(image from http://herroutfit.blogspot.com/)
I’ve owned five pairs. I currently have two. They’re quality sneakers, but there are a few caveats to think about when considering a pair:
They’re not worth retail. When they hit the market, they stirred controversy by having a “high” MSRP of around $200. Now, they reliably go for double that. Although construction has certainly changed (one of the pairs I owned was a 2008 pair, currently I own a 2012 pair) that jump isn’t exactly justified.
They’re extremely easy to find new/nearly new for less. $175-$225 is a fair price to pay for nearly new condition. $80-120 is fair for more heavily used. They hold up well over time, so it’s possible to find very cheap very used pairs that still have many miles on them (my first pair were $52 and beaten heavily before I got my turn).
They’re not that comfortable. The Margom sole is thick, flat, and hard; the insole isn’t too cushioned either. There are many better options, even within the realm of designer sneakers, if you’re looking for comfort. Maison Martin Margiela replica sneakers are about 20 times as comfortable as CPs in my experience.
You’ll discover the little details that separate “sneakers” from “really nice sneakers”. The laces don’t come untied. The tongue doesn’t slip. The experience of wearing them (even if you’ve never considered *the experience* of wearing anything) is noticeable.
They’re not the end-game for white sneakers. They’re for people who know what they want; they’re negative space. They’re everything you want and nothing you don’t, but they also won’t be anything magical. There are many situations in which a different white sneaker would be a better choice.
Above all, you have to buy in to the idea of expensive sneakers. The idea of a $200, $300, $400 sneaker is plainly ridiculous to many people, even people interested in fashion. You must understand you’re paying for materials and construction, but there are diminishing returns in which you begin to pay for design. There are more comfortable and more durable sneakers for far less money. But if you are considering Common Projects, that’s something you already know.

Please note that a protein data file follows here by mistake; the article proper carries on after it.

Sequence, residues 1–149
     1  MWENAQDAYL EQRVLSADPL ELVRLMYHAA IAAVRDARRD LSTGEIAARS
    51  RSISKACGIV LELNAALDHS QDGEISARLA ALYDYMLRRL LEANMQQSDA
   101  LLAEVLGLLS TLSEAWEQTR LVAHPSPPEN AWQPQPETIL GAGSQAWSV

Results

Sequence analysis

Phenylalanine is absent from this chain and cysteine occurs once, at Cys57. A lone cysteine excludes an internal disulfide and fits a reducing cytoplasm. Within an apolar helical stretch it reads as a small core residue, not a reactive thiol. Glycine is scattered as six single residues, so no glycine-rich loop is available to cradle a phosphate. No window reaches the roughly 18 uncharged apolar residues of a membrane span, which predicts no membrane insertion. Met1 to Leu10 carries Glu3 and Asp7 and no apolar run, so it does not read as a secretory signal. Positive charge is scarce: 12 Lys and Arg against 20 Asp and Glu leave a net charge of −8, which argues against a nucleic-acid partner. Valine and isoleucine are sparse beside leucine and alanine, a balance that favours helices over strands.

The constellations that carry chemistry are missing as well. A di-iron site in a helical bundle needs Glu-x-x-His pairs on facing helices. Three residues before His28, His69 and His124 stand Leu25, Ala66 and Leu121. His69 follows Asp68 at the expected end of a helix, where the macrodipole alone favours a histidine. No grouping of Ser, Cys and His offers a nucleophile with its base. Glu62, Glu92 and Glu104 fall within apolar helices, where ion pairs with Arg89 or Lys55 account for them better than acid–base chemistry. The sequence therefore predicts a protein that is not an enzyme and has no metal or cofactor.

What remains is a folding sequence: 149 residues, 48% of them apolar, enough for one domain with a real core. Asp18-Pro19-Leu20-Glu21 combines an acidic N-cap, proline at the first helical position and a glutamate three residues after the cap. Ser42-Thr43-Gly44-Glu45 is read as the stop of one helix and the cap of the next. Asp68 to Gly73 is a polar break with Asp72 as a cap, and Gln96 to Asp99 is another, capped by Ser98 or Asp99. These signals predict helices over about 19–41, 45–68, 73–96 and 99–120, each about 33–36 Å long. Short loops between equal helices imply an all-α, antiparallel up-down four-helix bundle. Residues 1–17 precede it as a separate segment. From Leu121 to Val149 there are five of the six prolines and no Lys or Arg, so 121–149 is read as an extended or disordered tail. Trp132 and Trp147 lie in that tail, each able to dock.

ClumsyCriminal wants to help you break out of “the JCrew rut”
I found myself in a similar situation a few months ago. To me there seemed to be a large gap between clothes similar to that of Jcrew which are generally safe/consistent and higher fashion brands that produced items I could never imagine myself wearing. Eventually, I was able to identify a few brands that were similar to Jcrew in their simplicity but still marked a distinct step up in creativity, quality etc. To start, here are a few I’d recommend (as a warning, none of these brands are going to be cheap. As you venture into brands producing more unique designs prices will rise steeply due to their monopoly on these styles):
APC is often recommended on MFA and you’ve probably heard of it. Not cheap, but they definitely maintain the clean-cut, not overly flashy look Jcrew also seems to strive for. They do offer the occasional louder piece, but relative to something from Dries Van Noten or Ann Demeulemeester this would be considered extremely conservative.
Folk clothing is a favorite of mine, although I rarely see it mentioned on MFA. They have a strong emphasis on quality, mostly expressed through high quality/thickness of their fabrics. Designs are again understated but more adventurous than Jcrew. Look out for patterned shirts, heavily textured sweaters and some colorblocked sweatshirts.
Oliver Spencer is another brand I associate strongly with Folk and probably my personal favorite. Again, simple but creative designs that are rarely too loud. I’d place particular emphasis on their outerwear, shirts and sweaters. Shirt designs such as these are distinctly more creative than anything you’d find at Jcrew but still maintain a brilliant subtlety. The first, for example, takes a pattern you rarely would find on a butt-up shirt of wide/thick stripes. However, it maintains its simplicity by using dark, low contrast colors that blend together beautifully. The third shirt accomplishes this in a similar manner, subduing a loud pattern with quiet colors. They also make a favorite cardigan of mine which takes a simple design and gives it a twist with a round collar and patterned texture.